Sudan rebels say Sunday peace talks unlikely
DOHA — The main rebel group in Sudan's Darfur has said peace talks in Qatar with the Khartoum government were unlikely to resume as hoped Sunday but instead there may be "consultations" to choose another date.
"As far as the January 24 date is concerned, we cannot say that there will be negotiations. This depends on our discussions with the mediators," Justice and Equality Movement (JEM) spokesman Ahmed Hussein Adam said late Wednesday.
"There could be consultations on January 24 to choose another date for negotiations as there are many pending issues that we want to settle before going to direct talks," he told reporters in Qatar.
A JEM delegation had arrived in Doha for talks with Qatari and other mediators.
Djibril Bassole, the UN and African Union mediator, said earlier this month that talks to settle the festering conflict in Darfur region would resume in Doha before the end of the month, with January 24 set as a date for direct talks.
Bassole said he expected the exiled leader of the rebel Sudan Liberation Army, Abdel Wahid Mohammed Nur, to join the talks.
The SLA is one of the main rebel groups in Darfur along with the JEM, and Nur has previously refused to take part in the Doha talks.
But Adam said the JEM rejected the participation of other rebel parties, claiming that such groups "do not exist on the ground."
"The (JEM) movement is the only one which is currently fighting and has a real presence in Darfur ... Others who claim to be (rebel) movements should not be included only to satisfy them or their supporting foreign countries," he said in an apparent reference to the SLA.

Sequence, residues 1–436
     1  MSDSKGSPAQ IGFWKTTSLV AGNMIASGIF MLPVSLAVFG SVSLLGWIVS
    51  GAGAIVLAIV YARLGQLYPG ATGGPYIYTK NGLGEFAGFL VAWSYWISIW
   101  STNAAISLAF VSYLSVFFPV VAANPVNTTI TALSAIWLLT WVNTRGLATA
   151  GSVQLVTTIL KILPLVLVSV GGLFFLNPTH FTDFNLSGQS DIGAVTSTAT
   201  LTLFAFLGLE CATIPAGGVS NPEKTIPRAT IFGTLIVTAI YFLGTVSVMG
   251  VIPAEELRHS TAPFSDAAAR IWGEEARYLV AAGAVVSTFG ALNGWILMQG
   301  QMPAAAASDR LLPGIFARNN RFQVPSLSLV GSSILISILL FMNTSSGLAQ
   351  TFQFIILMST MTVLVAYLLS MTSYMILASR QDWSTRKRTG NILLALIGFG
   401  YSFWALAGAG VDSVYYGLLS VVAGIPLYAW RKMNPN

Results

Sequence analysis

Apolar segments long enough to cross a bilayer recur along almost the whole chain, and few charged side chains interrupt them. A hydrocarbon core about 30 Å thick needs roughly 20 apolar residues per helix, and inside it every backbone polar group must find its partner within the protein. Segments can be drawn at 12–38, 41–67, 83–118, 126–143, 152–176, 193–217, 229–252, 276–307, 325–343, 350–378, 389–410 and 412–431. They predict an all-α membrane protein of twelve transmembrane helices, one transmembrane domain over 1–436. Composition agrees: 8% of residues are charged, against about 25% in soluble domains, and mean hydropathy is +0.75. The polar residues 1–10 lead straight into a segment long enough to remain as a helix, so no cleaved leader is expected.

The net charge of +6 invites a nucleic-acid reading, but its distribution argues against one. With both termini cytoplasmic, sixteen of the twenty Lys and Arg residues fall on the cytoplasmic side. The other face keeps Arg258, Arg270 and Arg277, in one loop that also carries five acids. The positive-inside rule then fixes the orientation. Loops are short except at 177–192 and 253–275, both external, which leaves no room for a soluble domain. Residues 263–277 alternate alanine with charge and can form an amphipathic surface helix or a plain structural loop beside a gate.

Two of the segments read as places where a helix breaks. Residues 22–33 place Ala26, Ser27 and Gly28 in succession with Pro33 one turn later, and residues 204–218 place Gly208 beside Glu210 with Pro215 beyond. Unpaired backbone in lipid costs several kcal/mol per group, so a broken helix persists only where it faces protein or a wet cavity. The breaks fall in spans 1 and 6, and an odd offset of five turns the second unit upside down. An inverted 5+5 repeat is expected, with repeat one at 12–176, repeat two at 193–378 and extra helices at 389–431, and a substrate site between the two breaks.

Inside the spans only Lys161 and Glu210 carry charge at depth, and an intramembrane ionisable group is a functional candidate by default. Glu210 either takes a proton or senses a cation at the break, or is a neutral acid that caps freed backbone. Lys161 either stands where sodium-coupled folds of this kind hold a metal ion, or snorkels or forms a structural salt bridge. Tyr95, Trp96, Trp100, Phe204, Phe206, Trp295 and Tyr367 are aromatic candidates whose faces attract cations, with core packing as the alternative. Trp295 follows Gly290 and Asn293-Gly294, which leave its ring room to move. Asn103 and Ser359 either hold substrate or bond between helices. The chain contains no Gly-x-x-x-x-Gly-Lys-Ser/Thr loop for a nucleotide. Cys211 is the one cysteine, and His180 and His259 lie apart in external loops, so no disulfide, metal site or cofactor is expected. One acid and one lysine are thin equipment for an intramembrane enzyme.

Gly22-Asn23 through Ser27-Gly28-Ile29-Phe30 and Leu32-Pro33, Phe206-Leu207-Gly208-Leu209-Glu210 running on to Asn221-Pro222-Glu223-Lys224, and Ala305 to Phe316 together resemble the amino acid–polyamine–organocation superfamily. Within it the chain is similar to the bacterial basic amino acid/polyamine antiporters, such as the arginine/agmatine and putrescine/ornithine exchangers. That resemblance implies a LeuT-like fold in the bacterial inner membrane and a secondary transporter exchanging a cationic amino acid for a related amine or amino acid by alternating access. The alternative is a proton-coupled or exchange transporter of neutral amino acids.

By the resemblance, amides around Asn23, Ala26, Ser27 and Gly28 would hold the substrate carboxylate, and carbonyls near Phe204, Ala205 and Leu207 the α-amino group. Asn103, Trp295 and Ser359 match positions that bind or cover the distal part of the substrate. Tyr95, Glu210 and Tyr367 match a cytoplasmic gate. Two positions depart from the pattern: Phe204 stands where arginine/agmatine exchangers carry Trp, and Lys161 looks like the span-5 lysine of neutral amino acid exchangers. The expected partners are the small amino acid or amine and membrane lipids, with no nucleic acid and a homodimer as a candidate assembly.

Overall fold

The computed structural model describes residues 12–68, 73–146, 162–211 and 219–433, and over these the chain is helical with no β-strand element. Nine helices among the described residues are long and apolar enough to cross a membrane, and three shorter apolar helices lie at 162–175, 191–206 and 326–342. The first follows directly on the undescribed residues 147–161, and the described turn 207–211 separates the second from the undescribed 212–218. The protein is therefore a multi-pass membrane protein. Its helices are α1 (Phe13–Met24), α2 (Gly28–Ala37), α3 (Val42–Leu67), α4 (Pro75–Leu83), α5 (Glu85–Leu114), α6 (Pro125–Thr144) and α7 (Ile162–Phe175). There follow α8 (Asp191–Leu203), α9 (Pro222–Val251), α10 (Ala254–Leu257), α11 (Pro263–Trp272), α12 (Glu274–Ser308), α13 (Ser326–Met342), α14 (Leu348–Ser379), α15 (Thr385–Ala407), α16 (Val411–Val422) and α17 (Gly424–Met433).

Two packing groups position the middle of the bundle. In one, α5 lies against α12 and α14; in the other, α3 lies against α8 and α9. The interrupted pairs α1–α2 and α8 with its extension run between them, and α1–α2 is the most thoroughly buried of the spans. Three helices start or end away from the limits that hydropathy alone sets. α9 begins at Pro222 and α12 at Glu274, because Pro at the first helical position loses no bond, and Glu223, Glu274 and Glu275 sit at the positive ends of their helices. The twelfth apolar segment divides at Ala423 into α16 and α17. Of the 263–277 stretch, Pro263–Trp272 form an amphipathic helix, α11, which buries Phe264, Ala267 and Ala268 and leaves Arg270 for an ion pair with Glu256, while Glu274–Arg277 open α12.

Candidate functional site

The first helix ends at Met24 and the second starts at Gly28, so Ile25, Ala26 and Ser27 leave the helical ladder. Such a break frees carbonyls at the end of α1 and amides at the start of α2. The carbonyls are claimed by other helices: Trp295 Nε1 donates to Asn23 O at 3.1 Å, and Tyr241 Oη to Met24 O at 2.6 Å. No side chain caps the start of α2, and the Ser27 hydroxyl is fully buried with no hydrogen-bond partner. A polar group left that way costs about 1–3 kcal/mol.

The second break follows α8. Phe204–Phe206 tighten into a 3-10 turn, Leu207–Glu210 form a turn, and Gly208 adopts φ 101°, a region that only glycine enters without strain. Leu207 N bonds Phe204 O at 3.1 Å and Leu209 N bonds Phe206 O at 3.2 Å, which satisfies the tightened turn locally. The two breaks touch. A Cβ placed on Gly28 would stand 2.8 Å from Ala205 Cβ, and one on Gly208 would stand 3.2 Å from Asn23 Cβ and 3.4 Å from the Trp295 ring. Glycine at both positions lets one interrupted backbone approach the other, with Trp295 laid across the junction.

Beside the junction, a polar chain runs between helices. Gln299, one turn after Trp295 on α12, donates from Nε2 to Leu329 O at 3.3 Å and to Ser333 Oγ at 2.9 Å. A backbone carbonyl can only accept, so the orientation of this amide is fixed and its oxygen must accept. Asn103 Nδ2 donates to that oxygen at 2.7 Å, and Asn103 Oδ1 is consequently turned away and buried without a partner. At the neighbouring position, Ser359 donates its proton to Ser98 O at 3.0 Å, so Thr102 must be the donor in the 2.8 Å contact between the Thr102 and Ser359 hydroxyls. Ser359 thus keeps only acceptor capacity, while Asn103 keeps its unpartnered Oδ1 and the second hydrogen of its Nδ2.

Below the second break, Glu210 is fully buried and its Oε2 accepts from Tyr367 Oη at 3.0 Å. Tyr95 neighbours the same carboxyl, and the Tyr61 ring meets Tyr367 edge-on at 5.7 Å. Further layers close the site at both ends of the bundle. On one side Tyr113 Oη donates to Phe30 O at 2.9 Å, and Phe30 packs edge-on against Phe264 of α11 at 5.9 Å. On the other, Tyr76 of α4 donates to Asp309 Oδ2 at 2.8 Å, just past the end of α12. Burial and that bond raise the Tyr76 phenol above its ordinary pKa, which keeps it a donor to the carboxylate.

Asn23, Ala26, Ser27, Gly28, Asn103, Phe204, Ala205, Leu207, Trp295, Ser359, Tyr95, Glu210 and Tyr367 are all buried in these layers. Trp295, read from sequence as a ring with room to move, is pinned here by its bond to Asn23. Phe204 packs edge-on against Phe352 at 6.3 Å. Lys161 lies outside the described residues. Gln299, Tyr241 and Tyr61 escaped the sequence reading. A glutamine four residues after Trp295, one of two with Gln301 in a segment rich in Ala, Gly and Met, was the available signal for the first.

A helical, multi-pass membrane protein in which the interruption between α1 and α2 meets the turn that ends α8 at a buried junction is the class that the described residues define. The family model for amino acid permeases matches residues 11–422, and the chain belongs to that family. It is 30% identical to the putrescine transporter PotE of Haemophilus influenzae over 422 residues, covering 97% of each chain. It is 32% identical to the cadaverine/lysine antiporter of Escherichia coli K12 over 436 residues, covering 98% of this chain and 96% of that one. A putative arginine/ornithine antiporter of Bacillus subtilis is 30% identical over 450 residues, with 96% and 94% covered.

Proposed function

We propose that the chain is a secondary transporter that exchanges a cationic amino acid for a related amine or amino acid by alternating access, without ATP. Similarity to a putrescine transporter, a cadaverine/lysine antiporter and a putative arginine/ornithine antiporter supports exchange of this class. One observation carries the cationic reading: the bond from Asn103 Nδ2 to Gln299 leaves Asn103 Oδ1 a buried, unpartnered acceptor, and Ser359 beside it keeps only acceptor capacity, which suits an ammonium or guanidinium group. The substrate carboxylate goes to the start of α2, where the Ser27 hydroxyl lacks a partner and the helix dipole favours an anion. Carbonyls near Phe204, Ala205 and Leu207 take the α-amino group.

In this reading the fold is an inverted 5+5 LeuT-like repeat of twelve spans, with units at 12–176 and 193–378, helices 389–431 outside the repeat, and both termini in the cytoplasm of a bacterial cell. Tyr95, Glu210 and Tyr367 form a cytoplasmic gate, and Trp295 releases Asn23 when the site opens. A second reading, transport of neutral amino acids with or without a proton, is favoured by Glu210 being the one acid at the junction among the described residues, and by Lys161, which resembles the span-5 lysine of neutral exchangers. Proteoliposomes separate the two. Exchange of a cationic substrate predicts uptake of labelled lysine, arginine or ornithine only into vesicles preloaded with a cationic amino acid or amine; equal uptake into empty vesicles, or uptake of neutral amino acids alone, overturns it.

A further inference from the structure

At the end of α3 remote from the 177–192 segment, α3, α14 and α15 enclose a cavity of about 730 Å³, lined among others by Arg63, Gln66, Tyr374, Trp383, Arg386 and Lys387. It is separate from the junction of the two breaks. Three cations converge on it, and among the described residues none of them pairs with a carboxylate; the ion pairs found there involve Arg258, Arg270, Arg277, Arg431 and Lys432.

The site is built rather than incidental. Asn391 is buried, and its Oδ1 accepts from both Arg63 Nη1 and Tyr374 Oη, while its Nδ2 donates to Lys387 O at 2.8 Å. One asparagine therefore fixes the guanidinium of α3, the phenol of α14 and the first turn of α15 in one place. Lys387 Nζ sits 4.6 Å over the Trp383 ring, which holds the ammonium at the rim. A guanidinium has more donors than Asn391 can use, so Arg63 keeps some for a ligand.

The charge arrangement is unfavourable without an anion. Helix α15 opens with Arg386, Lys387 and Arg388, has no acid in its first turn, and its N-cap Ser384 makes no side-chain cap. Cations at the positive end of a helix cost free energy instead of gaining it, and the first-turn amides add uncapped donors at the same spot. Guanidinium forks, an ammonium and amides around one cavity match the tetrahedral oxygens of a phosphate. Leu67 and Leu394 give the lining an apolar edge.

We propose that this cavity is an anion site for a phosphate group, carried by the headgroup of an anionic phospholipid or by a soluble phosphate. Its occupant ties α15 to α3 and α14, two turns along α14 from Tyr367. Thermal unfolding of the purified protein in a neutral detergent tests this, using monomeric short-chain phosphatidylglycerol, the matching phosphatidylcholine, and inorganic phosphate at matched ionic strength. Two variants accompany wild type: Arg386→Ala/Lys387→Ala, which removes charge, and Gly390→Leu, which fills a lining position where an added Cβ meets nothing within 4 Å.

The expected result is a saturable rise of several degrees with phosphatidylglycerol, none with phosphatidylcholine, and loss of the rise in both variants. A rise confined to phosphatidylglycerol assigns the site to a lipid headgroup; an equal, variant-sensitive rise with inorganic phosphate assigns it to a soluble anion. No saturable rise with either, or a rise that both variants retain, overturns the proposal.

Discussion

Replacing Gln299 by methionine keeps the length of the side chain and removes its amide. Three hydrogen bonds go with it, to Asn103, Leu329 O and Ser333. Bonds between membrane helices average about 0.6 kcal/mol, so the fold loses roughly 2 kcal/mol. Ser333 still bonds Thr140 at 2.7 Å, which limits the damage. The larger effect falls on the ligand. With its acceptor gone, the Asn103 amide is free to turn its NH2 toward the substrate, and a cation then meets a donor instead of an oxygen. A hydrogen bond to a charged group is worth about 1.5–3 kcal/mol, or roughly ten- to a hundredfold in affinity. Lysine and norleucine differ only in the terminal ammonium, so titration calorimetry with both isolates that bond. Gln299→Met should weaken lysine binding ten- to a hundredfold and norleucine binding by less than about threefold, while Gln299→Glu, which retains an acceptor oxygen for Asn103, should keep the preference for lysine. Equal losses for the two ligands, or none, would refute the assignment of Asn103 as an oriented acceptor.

The JEM in May agreed to resume talks with Khartoum which it broke off after the International Criminal Court in March issued an arrest warrant for Sudanese President Omar al-Beshir for alleged war crimes in Darfur.
Since then attempts to make progress have foundered despite efforts by US special envoy Scott Gration who managed to bring together representatives of rebel factions for talks to fine-tune a common stance.
French Foreign Minister Bernard Kouchner had said following a meeting with Bassole that he was confident that SLA leader Nur will attend the Doha talks.
The conflict that erupted in 2003 initially pitted two separatist rebel groups against the Khartoum government aided by local Arab militias, but it has since proliferated.
The United Nations says up to 300,000 people have died and 2.7 million fled their homes since the ethnic minority rebels first rose up against the Arab-dominated government in Khartoum in February 2003.
Sudan's government says 10,000 people have been killed.